The FTSE 250 (INDEXFTSE:MCX) is often viewed as a growth index. Certainly, a large proportion of its incumbents pay dividends. But it is the index’s capital growth credentials that seems to be the main attraction for many investors.
For example, over the last 10 years the index has generated annualised capital growth of over 8%. That is nearly three times higher than the FTSE 100’s capital growth during the same period. As such, for growth investors, it seems to be the better option.
However, with a number of FTSE 250 shares still offering high yields even after its strong growth of recent years, dividend investors may be able to successfully build a second income stream via the mid-cap index.
The FTSE 250’s dividend yield of 2.7% may lack appeal for a large number of income investors. Although it is currently ahead of inflation, it is behind the FTSE 100’s income return of 3.9%. As such, the larger index may seem to be the more obvious choice.
However, within the mid-cap index there is a wide range of strong income stocks. For example, there are 14 shares offering yields of 6% or above, and a total of 52 shares with dividend yields of 4% or more. Therefore, there is scope for an investor to build an entire portfolio from FTSE 250 shares and still generate a dividend yield of above 4% per year.
Of course, for income investors the reliability of shareholder payouts matters just as much as a headline yield. There is little point in having shares in a company with a high yield and a low chance of making dividend payments each year. And with the FTSE 250 consisting of smaller companies than the FTSE 100 that may have less diversity than their larger peers, it could be argued that risk is higher than with the UK’s main index.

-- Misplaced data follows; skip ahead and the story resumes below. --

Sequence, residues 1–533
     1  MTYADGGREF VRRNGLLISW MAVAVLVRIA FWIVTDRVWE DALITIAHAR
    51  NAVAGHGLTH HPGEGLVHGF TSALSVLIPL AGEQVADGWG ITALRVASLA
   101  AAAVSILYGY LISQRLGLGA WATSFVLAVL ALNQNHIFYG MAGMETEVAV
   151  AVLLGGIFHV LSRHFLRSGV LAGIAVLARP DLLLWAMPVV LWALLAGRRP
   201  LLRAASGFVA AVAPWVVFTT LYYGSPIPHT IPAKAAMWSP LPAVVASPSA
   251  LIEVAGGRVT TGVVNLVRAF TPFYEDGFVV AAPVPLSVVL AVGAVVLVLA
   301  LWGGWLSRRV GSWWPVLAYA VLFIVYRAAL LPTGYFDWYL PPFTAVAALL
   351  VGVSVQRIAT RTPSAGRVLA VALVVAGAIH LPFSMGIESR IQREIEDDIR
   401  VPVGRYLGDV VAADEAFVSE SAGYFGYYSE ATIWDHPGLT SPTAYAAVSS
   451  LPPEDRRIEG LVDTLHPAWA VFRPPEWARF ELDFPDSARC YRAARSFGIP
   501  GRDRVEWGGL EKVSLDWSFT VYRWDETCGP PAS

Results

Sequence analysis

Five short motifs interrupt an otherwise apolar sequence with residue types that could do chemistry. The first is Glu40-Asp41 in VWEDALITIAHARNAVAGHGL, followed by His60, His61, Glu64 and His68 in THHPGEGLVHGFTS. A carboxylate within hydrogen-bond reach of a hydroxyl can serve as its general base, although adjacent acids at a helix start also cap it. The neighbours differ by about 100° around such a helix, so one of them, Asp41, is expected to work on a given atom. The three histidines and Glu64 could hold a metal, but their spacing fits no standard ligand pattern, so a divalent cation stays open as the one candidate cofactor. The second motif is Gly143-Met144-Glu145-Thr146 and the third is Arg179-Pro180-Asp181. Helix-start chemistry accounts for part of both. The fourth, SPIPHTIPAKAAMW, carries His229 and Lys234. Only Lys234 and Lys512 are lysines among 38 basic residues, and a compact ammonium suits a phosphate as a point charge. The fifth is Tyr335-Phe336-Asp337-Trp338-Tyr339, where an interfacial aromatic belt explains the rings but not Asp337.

While this may be the case, the reality is that there are also opportunities in the mid-cap index. The EU referendum has caused sentiment towards UK-focused shares to come under pressure, and this could create an opportunity for investors to profit. Since a greater proportion of mid-cap shares rely on the UK for their sales than among large-caps, there could be wider margins of safety on offer.
Furthermore, with the FTSE 250 generating capital growth that is significantly higher than the FTSE 100 in recent years, higher risk appears to be more than matched by higher rewards. And since the performance of the UK economy has thus far proven to be stronger than many investors had anticipated following the EU referendum, its outlook could improve over the medium term.
Clearly, the FTSE 100 is likely to remain a major focus for income investors. Large global companies with high yields are hugely tempting for income investors. However, the FTSE 250 also offers stunning income potential for the long term. It may be more volatile than the obvious income stocks of the large-cap index, but could prove to be more rewarding in the long run.
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Peter Stephens has no position in any of the shares mentioned. The Motley Fool UK has no position in any of the shares mentioned. Views expressed on the companies mentioned in this article are those of the writer and therefore may differ from the official recommendations we make in our subscription services such as Share Advisor, Hidden Winners and Pro. Here at The Motley Fool we believe that considering a diverse range of insights makes us better investors.